• Learn important family medical history. Some people learn crucial medical knowledge, such as the history of certain genetic diseases or predispositions to specific conditions. Collecting medical information on living relatives and deceased ancestors can uncover valuable risk factors that help living family members better manage their health.

  • Find meaning and purpose. Genealogy enthusiasts can gain a much deeper sense of who they are in the context of their own family and the larger scheme of life. The sense of purpose and mental stimulation from researching and attempting to solve family puzzles can feel meaningful and fulfilling.

What is cemetery mapping?

Cemetery mapping is a way of tracking the details related to cemetery plots. It’s beneficial for people doing genealogical research because they can often look up a person’s gravesite by name, city, birthdate or other details. Many cemetery administrators use a paper ledger; some use spreadsheets, and others have moved into the digital age by using software designed especially for cemeteries to track detailed information.

Visitors can locate specific graves, memorials and monuments on the property by viewing a map of cemetery plots. The accuracy of the record-keeping can vary significantly from one cemetery to the next, but it’s still helpful to many.

Additionally, cemetery mapping helps the cemetery manage its plots more efficiently and effectively. A documented map of all the grave plots enables accurate records of which spaces remain unoccupied and the individuals interred in existing graves. The mapping is also helpful for managing other day-to-day tasks involved in cemetery operations.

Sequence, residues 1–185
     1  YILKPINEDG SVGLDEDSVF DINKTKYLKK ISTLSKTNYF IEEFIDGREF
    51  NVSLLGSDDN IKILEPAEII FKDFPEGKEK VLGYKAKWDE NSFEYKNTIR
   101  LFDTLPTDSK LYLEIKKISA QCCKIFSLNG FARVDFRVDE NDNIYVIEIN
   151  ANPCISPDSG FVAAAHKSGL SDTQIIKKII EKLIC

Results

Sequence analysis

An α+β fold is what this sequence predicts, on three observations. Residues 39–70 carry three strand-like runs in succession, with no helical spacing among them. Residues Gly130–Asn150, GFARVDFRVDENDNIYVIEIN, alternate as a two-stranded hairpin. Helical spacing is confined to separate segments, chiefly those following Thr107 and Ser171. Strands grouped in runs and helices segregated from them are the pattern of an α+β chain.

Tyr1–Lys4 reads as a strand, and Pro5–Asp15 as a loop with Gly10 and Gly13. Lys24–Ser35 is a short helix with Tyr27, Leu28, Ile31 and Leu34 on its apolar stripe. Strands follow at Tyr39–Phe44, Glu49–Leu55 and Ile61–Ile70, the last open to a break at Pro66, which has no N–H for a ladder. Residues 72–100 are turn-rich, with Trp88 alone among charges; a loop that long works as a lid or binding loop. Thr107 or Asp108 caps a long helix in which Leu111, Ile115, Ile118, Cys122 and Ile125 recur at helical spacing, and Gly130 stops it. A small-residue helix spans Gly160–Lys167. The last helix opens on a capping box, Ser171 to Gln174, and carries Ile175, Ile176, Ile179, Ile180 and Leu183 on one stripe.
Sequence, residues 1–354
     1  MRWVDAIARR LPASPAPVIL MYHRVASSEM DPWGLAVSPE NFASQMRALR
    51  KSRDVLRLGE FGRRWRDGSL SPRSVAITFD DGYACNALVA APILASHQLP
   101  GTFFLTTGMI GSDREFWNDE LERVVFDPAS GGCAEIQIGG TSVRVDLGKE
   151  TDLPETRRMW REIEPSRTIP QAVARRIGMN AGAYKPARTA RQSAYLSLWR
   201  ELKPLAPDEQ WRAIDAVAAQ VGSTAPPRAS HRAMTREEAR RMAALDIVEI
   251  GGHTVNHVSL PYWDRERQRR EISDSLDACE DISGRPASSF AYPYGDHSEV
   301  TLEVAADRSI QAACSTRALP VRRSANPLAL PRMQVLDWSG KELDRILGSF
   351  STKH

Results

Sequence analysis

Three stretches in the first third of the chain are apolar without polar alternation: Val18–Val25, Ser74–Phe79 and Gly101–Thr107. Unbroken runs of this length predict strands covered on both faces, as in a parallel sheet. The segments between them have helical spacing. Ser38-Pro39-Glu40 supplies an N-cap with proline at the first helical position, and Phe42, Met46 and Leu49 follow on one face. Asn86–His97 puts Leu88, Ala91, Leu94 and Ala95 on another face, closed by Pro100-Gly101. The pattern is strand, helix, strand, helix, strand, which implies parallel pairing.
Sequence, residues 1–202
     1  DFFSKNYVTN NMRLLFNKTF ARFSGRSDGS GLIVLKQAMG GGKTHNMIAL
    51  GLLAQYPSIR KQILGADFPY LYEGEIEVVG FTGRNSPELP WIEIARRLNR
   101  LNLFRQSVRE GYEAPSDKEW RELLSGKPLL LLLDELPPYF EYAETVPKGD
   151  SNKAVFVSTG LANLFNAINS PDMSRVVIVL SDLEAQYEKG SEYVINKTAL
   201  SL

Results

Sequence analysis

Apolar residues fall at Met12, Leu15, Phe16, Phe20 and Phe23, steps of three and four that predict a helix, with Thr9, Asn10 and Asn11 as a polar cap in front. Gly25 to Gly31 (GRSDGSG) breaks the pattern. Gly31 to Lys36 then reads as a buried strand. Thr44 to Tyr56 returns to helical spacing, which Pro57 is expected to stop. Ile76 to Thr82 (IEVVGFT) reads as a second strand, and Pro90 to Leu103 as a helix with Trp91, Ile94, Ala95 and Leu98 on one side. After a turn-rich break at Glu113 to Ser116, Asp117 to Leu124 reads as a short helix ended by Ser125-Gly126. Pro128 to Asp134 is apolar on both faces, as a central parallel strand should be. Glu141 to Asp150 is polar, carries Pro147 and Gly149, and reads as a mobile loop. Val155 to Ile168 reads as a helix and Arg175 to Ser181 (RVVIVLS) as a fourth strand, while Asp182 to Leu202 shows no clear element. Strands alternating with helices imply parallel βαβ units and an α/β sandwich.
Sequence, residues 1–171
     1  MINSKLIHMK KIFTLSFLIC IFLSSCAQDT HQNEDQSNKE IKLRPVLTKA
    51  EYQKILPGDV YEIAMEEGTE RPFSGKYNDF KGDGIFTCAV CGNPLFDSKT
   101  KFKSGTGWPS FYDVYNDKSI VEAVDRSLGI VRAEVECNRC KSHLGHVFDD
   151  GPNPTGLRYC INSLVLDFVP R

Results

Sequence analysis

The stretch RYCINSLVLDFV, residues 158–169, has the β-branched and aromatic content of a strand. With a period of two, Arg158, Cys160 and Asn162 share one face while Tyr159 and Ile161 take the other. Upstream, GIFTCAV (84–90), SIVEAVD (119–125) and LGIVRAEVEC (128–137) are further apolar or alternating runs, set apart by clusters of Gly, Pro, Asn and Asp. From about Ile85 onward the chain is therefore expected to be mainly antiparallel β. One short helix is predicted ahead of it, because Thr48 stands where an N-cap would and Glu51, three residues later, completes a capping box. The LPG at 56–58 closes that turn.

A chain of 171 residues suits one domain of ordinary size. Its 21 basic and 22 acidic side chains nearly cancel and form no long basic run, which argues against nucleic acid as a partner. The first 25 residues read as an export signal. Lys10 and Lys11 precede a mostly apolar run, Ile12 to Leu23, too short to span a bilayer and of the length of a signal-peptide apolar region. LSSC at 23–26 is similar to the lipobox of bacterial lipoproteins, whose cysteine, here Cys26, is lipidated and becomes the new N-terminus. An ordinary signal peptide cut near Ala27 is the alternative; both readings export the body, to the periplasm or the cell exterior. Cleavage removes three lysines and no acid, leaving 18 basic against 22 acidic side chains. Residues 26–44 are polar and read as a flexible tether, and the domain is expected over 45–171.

With Axiom, preparing your cemetery’s financial or operational data has never been easier.

Using a Digital Platform to Manage Cemetery Plots and Interment Records

Cemetery managers often inherit the cemetery records and systems of those that came before them. That can mean everything from worn-out paper notebooks and hand-drawn map templates to spreadsheets.

Streamline your work, minimize human error,
and save time with Axiom.

How has digital cemetery mapping improved accuracy?

In the past, cemeteries often kept records on paper in books and tied each set of records to a plot number on a hand-drawn map. In many cases, this system worked well, but in others, the cemetery workers’ lack of attention to detail, unclear writing, incomplete records, and more created ongoing issues.

Cemeteries that have existed for several decades or longer often have recording systems and management changes that create inconsistencies in the method and accuracy of record-keeping.

Digital cemetery mapping has dramatically improved the accuracy and precision of these plot maps.

  • It has provided a software-driven database to consistently connect plot identifiers to the plot owner’s other details over time.

  • The digital nature lets users sort records to deal with duplicates and comb through the data to fill in missing or incorrect information, among other things.

  • Software made for cemetery mapping also has set data fields and typed information, allowing cemeteries to keep more consistent, complete and usable data on each person.

How can cemetery plot maps help people with their genealogy research?